Miami Dolphins anthem policy is doomed from the start

Miami Dolphins


The Miami Dolphins have announced they will fine and potentially suspend players for protesting during the national anthem. This is a terrible idea.

If you are trying to take attention away from something, pouring gasoline on it while waving to a crowd of people is a bad idea. Enter the Miami Dolphins.

Earlier this offseason, the NFL enacted it’s national anthem policy, which in essence tells players to either stay in the locker room during the song, or to stand at attention on the sidelines. Anything else is going to result in a fine.

The Dolphins, apparently feeling commissioner Roger Goodell didn’t go far enough, are enacting their own policy. Any player who protests on the sideline will not only be subject to a fine, but up to a four-game suspension.

While owner Stephen Ross has the right to make that policy, it flies in the face of what he and the league want to accomplish. The NFL would love for the anthem controversy to go away, something it was beginning to do before President Trump called the protesting players “sons of bitches” prior to Week 3 of the 2017 season. Since then, the country has been embroiled in staunch debate.

For Ross, the problem is he’s in the business of winning football games. What to do if Ryan Tannehill drops to a knee come Week 1, and then continues doing it? Same for any other high-impact player. It would cripple the Dolphins to sit them for any games, but at the same time, Ross would need to keep strong on his policy or look overrun by his players.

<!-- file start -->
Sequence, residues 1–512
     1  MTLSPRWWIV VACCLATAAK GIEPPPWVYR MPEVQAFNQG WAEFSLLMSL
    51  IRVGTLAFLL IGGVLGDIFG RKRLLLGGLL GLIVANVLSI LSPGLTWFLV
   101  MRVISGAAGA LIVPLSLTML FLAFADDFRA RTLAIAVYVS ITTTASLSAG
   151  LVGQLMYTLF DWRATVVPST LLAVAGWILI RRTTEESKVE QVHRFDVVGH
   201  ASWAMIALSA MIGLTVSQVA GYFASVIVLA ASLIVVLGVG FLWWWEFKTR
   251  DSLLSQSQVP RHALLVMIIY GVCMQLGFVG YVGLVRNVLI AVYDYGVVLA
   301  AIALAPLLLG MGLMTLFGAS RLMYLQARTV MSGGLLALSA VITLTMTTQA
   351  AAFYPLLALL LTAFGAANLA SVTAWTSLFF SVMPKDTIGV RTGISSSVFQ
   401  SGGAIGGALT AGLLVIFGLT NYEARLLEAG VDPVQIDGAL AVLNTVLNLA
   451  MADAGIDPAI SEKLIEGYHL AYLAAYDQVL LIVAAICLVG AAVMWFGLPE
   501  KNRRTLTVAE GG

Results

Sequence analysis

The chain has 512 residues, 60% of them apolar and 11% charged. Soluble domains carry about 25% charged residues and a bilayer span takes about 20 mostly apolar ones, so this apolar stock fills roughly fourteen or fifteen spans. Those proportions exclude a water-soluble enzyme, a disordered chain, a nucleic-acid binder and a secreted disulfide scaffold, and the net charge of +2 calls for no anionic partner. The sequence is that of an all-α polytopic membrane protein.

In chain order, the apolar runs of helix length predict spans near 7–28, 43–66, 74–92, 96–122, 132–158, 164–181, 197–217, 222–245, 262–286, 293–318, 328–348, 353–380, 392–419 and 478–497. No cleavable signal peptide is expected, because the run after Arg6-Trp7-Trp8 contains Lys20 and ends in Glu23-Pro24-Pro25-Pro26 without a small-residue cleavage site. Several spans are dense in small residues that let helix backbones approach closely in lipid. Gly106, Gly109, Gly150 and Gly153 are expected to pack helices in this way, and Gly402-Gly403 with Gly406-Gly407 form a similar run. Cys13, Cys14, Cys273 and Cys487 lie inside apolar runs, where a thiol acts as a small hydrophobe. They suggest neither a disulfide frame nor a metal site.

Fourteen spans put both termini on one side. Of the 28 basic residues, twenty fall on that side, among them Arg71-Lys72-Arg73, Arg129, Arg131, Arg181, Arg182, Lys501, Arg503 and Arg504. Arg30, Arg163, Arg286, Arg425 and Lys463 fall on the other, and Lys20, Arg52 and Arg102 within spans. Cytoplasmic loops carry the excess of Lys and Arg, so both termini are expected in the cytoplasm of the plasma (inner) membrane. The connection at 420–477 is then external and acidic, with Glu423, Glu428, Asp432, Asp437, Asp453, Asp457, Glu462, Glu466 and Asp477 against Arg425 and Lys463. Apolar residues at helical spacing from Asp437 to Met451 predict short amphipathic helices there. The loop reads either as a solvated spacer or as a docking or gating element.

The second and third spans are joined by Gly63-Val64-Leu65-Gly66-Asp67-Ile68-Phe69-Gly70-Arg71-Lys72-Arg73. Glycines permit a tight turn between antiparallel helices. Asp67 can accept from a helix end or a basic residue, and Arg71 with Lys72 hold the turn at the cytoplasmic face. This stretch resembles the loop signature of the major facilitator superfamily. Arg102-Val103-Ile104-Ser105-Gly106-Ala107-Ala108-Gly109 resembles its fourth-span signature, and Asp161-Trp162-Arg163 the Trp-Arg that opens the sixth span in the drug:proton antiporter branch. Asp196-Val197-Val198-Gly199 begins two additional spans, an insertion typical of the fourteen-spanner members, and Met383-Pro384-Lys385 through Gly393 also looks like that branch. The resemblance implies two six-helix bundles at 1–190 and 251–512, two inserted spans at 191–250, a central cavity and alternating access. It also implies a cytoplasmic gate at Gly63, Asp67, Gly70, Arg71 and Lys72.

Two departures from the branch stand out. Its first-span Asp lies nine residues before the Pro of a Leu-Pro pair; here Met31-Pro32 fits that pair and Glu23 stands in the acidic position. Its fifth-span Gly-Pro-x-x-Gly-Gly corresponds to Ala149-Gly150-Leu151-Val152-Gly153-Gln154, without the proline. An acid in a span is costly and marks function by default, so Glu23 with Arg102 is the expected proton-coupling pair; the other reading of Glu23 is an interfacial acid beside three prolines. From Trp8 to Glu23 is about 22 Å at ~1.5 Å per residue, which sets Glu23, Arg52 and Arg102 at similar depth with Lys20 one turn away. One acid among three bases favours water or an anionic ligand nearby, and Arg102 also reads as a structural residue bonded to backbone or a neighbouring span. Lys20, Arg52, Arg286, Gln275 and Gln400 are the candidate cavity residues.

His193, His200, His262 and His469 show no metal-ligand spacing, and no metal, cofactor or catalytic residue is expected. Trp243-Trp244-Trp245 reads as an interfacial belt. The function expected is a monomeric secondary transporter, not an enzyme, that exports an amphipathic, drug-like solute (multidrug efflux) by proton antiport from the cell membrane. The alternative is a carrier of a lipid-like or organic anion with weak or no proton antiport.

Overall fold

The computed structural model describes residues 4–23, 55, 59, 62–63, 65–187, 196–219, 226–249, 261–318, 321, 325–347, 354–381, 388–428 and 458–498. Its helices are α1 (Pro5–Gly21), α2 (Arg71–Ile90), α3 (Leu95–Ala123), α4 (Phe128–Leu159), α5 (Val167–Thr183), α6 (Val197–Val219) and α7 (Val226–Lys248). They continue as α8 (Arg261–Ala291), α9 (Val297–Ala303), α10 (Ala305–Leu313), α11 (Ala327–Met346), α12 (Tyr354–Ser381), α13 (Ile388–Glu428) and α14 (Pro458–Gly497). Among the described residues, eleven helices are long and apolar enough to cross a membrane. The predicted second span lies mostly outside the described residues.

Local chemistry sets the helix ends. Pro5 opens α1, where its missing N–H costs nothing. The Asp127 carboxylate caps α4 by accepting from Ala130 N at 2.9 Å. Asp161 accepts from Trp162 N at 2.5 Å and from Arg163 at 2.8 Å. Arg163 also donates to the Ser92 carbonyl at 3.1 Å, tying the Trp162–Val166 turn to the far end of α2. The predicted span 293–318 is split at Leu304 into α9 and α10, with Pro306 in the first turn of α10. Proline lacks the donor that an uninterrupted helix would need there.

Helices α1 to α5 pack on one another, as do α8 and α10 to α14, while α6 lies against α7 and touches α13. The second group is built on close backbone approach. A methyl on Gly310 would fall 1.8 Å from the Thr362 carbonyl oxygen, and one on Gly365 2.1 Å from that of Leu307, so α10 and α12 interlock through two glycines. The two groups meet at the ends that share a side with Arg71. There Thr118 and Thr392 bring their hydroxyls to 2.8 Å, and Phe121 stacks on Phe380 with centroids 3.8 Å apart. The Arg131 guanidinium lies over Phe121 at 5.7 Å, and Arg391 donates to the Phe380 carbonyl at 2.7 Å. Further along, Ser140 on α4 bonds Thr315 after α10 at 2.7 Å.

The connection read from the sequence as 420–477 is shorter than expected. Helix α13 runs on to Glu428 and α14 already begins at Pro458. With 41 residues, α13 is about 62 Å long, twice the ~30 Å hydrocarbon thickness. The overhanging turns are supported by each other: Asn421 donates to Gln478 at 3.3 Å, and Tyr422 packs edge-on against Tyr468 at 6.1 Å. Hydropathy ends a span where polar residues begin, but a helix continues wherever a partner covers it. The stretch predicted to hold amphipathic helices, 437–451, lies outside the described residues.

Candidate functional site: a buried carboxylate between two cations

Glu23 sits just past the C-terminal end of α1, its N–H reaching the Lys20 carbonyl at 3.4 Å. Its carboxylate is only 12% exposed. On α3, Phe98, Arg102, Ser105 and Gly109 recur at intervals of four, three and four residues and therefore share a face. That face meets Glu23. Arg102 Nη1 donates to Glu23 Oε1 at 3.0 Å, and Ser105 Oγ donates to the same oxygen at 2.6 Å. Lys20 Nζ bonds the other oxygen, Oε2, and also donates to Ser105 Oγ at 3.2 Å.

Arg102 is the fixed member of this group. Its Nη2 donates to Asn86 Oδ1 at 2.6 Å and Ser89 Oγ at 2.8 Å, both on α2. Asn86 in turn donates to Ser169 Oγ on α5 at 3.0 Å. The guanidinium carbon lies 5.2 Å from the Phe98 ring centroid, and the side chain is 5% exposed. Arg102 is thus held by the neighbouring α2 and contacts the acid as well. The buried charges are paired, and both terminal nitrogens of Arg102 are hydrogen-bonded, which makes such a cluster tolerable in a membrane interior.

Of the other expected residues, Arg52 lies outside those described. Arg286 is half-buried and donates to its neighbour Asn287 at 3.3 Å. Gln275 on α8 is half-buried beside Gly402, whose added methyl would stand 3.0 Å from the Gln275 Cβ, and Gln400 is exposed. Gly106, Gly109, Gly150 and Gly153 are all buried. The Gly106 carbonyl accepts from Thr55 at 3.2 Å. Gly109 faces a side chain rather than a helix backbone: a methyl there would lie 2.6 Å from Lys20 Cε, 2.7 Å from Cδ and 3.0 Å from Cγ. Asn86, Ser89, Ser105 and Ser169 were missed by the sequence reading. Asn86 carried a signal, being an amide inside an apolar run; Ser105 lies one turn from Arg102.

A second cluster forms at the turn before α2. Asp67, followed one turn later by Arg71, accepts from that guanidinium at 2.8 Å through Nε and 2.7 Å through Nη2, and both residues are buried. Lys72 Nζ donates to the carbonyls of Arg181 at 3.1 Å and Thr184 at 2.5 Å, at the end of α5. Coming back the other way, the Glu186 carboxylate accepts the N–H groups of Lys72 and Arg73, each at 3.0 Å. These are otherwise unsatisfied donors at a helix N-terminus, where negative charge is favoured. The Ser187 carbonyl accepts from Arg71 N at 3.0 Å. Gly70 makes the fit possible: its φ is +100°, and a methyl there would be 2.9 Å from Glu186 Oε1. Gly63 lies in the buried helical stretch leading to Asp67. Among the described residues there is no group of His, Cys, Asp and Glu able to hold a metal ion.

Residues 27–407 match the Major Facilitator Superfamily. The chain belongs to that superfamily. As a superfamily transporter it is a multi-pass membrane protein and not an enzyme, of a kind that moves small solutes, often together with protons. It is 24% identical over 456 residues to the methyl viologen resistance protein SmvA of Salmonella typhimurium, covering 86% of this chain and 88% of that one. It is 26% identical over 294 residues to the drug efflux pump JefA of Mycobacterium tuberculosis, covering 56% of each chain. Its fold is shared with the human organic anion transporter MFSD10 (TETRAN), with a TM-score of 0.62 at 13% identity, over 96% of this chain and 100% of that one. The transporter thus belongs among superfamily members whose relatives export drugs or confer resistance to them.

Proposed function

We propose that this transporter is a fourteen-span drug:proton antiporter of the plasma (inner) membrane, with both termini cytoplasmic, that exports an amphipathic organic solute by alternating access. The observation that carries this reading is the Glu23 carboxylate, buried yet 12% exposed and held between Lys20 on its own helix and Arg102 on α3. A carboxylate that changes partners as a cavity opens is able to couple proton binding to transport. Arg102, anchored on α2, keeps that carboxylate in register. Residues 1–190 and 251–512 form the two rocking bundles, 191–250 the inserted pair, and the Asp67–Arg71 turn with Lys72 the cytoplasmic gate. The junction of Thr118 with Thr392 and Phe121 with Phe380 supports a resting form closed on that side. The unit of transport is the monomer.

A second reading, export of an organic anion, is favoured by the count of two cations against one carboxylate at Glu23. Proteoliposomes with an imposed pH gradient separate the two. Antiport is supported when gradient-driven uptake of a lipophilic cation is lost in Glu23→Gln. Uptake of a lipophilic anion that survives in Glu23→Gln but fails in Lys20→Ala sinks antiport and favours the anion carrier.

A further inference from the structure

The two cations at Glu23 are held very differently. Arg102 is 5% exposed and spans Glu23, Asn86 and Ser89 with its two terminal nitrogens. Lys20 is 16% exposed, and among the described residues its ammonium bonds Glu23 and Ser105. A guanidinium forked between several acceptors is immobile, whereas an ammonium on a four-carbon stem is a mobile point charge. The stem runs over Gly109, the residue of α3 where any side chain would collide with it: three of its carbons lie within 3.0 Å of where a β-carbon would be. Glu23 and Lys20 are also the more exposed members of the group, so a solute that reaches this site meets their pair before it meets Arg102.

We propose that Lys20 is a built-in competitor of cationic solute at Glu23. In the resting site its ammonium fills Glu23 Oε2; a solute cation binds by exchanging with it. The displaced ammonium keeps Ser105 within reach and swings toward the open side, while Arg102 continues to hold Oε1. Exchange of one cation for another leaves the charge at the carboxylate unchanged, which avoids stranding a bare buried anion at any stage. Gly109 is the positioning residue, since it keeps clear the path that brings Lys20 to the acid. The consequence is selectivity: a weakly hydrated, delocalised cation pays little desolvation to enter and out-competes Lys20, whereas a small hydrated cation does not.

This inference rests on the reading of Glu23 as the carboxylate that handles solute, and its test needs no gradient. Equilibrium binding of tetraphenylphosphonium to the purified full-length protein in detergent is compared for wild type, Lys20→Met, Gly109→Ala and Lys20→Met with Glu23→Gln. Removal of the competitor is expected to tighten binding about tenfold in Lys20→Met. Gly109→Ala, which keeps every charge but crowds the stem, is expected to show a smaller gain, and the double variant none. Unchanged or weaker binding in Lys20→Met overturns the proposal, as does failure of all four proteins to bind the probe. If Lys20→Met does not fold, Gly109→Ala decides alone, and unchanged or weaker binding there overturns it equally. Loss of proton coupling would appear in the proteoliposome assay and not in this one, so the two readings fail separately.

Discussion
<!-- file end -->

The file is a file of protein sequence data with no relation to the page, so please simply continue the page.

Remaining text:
And therein lies the problem that the NFL has. It hasn’t worked with the players to find a real solution. The league has decided to use brawn and its position of power, which has only stoked the anguish. Instead of sitting down with player-picked representatives of all 32 clubs, Goodell and the owners imposed a new, league-wide anthem policy. The reaction was an NFLPA grievance that is still playing out.

As it so often does, the NFL has turned what should have been a short-lived issue into a national debate and referendum. Ross and the Dolphins are the first team to put out their own policy, but it won’t be shocking if others follow suit in short order, despite that being against their best interests.

The league feels the only way to stop the protests is to shout down the players. In reality, it’s to embrace them and the struggles of their time, something the NFL is either too verbose, or too ignorant to do.





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